OPUS: Open Ulethbridge Scholarship

Open ULeth Scholarship (OPUS) is the University of Lethbridge's open access research repository. It contains a collection of materials related to research and teaching produced by the academic community.

Self-archiving your research in OPUS is one way to meet Open Access policies of granting agencies. It is important to retain your final, post-peer-reviewed drafts for submission to OPUS, as this is often the only version publishers will allow to be archived. Click here for information on the U of L Open Access Policy.

Check here for more information about OPUS.

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Recent Submissions

Nondual metaphysics: connections between Shankara's Advaita Vedanta and the thought of René Guénon
(Lethbridge, Alta. : University of Lethbridge, Dept of Religious Studies, 2023) Freihaut, Forrest D.; University of Lethbridge. Faculty of Arts and Science; Rodrigues, Hillary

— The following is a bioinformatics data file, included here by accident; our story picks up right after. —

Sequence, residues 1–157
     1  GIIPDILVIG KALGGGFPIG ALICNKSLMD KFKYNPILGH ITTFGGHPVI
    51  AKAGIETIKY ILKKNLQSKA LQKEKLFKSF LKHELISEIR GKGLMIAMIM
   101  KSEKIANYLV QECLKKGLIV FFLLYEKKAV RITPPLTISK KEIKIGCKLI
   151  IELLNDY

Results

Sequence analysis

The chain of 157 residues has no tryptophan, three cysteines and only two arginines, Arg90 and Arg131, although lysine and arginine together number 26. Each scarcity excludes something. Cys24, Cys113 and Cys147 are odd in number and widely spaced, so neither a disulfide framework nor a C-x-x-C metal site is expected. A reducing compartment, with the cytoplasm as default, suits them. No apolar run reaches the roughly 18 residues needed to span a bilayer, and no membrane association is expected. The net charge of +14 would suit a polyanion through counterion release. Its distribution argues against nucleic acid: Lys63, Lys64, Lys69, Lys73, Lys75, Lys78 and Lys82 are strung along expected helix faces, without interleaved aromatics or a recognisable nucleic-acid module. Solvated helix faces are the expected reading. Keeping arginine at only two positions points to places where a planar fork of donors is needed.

This thesis analyzes the metaphysical interpretations of Shankara and René Guénon and the methods they promote regarding spiritual realization. Shankara was an 8th-century Indian spiritual teacher whose method and teachings were associated with Advaita Vedanta, a philosophic tradition originating from Upanishadic texts. René Guénon (1886 -1951) was a French philosopher who pioneered the Traditionalist school of thought. Guénon’s interpretation of reality argued an all-pervading unitive metaphysic principle that shares notable similarities with Shankara’s Advaita Vedanta. Through comparative exegesis, this thesis demonstrates that Shankara and Guénon share significant parallels in certain aspects, such as their conceptualization of ultimate reality and their views on the role of the guru. Additionally, this analysis reveals stark contrasts found among their works, such as their differing emphasis on theory and their views on initiation and lineage. In addition to analyzing their interpretations of reality, this study offers insights into Shankara and Guénon’s respective lives and unique positions in history. The intention of this thesis is to contribute to a deeper understanding of the similarities and differences between Shankara and René Guénon and provide valuable insights into their approaches to spiritual realization and how they conceptualize reality.